Their houses were about to get a lot fancier. "At that time," recalled Evans, "we were low men on the totem pole in the music department." But Paramount decided to assign them to the new Bob Hope picture â€“ which, as it turned out, featured totem poles. The film was to be called The Paleface and Hope was Painless Potter, a cowardly dentist from back east on the loose in the wild west and accompanied by Calamity Jane, played by Jane Russell, which is the kind of calamity most of us like in a jane. The incompetent Painless was a diversionary front for her activities. Hard to believe Jane Russell would be looking for a diversionary front, but there we are.
Paramount needed a scene that starts out with Hope driving a covered wagon with Miss Russell in the back. He turns round to cop a gander, and doesn't notice that, while he's distracted, his horses have hung a left and diverted Painless Potter, Calamity Jane and the entire wagon train into an Indian ambush. So Livingston & Evans wrote a song called "Skookum", which is a Chinook word meaning various things in English, from "monstrous" to "good luck", but intended by its authors here to mean something like "Okay!"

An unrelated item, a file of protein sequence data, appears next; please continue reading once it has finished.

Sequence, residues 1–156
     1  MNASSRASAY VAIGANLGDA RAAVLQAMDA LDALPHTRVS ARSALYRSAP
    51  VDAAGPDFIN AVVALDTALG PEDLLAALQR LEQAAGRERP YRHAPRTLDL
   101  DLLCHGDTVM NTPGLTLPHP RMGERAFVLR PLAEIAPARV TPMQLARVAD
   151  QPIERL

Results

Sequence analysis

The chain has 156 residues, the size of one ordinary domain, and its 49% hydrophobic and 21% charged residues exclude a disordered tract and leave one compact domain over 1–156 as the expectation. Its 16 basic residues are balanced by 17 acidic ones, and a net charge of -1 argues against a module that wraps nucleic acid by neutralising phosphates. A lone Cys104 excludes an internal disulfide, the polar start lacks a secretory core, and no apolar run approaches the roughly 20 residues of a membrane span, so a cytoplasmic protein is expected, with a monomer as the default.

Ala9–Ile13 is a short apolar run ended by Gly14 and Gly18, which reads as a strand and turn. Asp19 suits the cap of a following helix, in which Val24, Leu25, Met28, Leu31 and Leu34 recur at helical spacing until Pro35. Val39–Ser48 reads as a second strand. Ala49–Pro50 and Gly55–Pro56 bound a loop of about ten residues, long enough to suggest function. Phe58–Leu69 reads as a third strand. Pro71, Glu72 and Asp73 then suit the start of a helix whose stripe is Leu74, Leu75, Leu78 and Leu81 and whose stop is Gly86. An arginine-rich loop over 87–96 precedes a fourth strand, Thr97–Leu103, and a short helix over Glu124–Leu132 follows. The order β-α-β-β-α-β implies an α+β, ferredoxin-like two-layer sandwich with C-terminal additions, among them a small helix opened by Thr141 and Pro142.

Their director Norman McLeod thought it was anything but okay, and refused to use it. Hope's the designated funny guy, the Indians are supposed to be threatening, so a funny song about comedy Injuns would wreck the scene. Jay and Ray were shooed away and told to start over. The studio wanted a song for Hope to sing to Russell: She's running around in chaps and he's the chap who's getting the runaround. What do you write for that? Evans remembered it this way:
We had a very creative producer, and he said, 'Why don't you write a song about how Bob Hope is a tenderfoot in the west, he hates it, and he wishes he was back in the east where the girls were pretty and there was civilization and society and everything?' Now on the way back from the producer's office to our office on the Paramount lot, which was about a minute or two minutes, somehow in my mind I got the idea of a kind of rhythm: 'Let's go where the girls keep wearing those frills and flowers and buttons and bows, rings and things and buttons and bows.' The minute we got to our office, Jay sat down at the piano and went da-da-dah dah da-da-da-da da-da da-dah da-da-da dah...